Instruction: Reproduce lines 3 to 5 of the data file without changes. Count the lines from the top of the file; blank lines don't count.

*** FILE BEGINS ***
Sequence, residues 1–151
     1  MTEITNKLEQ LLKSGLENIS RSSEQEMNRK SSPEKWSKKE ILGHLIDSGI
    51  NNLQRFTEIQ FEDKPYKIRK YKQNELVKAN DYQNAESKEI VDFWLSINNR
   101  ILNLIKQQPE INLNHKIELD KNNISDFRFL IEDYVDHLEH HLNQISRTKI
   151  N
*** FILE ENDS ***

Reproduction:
    51  NNLQRFTEIQ FEDKPYKIRK YKQNELVKAN DYQNAESKEI VDFWLSINNR
   101  ILNLIKQQPE INLNHKIELD KNNISDFRFL IEDYVDHLEH HLNQISRTKI
   151  N